“When I raced my finals in the 50m freestyle in the Asian Games, I was so nervous my legs were cramping even before I jumped into the pool,” he said. “That was purely psychological.”

Teong would finish fifth in the event.

It took him about three to four years of struggle - reading books, speaking to close friends, honing his mental skills - to learn how to master nerves and swim composed races.

“When a stressor keeps coming at you. You have two options - you can either try to cut it out, most people try to cut it out by distracting themselves. Which is not actually solving the actual problem,” he said.

“You have to learn how to handle it instead of distracting yourself.”

Teong realized that routine he used to keep, which included habits such as staying out late, eating unhealthy food were “distractors” as he coped with stress of swimming, competitions and expectations.

And if he were to break away from this routine, he would have to kick these bad habits.

“If you continue the same routine, you get the same results. It's simple as that. If you want everyone like different results. You have to change your routine,” he said.

And this change has reaped results. At this edition of the Games, Teong set two meet records and won two golds

And while these hog the headlines, people don’t know how much work goes on behind the scenes to get there, said Teong.

“I really think if people understood how much work and effort and planning and everything that goes into 21 seconds, they would be like: ‘This guy is insane, this guy is crazy!'” he said.

“I prefer it if people were to see the work behind it. But that’s just not how it is. All they see is … the result.”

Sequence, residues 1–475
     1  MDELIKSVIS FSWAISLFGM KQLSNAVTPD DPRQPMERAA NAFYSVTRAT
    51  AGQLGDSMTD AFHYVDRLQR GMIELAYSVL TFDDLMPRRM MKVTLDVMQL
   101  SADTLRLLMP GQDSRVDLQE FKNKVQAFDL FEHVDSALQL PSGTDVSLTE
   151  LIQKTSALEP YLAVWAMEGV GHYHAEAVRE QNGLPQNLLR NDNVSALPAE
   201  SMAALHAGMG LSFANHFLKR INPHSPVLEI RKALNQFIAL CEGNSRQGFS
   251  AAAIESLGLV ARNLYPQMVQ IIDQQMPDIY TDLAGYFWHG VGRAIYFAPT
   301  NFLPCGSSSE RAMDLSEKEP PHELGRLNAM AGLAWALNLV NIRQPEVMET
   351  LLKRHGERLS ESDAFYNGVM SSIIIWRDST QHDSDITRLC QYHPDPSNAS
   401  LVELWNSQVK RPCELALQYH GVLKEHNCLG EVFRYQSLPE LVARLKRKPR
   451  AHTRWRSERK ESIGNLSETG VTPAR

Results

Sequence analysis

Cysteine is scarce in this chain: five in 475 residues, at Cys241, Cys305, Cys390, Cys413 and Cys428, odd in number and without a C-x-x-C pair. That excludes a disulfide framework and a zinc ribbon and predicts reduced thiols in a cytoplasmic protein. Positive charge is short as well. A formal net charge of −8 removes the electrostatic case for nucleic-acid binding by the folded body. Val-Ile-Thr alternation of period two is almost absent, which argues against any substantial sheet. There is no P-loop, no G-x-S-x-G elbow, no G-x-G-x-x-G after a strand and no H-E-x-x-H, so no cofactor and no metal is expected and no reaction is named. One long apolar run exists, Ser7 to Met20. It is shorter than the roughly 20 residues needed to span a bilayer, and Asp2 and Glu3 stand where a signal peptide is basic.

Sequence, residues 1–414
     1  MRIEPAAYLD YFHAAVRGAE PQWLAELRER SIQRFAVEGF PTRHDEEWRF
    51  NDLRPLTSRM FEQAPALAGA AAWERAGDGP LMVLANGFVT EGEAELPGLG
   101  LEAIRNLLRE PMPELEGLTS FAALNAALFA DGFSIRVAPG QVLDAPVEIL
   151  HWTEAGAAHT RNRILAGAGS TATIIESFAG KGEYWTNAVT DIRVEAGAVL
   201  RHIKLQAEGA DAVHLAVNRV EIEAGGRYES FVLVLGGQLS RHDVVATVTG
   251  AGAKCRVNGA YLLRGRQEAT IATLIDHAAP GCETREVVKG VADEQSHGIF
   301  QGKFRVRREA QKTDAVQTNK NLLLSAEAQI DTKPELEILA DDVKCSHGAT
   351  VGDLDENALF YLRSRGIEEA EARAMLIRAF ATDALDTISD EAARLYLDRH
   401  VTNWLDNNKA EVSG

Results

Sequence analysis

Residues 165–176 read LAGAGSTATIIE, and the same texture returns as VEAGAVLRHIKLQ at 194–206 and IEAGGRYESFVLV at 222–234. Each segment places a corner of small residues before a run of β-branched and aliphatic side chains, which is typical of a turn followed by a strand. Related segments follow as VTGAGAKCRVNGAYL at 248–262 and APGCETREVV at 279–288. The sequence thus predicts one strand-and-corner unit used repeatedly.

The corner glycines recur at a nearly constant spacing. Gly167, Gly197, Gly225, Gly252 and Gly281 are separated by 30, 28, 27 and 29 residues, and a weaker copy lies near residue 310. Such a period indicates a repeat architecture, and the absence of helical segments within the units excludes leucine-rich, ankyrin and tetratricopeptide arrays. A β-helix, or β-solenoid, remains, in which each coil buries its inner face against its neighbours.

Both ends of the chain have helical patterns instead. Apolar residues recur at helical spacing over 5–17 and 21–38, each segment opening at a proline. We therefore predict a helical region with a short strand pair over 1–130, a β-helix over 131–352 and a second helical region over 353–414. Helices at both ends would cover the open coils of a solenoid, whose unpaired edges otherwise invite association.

Doing well brings with it pressure. But now, Teong has grown better at handling it.

“Honestly, last time I think it would have put a lot expectations on me,” he noted.

“Now (I feel) I'm just another dude. In 100 years, nobody's gonna give a shit you know? I’m just passing through time, I'm just doing my own thing."

While Teong’s goal was at first to get to the Olympics, his new philosophy now mirrors the one which one of his coaches, Gustavo Schirru, has. Not just be satisfied with qualifying for the Olympics but to compete with the best there.

Teong's goal in each race has always been to execute the swim the way he wants to, and that has not changed.

“My goals are always just to swim the race how I want to do so - in terms of maintaining my composure before races, just executing what has been discussed with my coaches,” he said.

“There is always ups and downs … It’s easier to just focus on the processes instead. If the times comes, it comes. If it doesn’t come, then it is just another learning lesson for you to move on.”

And just because one gets the processes right, that in itself does not guarantee results, he added.

“Sometimes you can get the processes all right and the results still don’t come. That just teaches you that life isn't fair," he said. "But when things just align … (it is) a bit of magic.”

And if Teong stays the course as he intends to, we could see more magic in the years to come.

Source: CNA/mt(rw)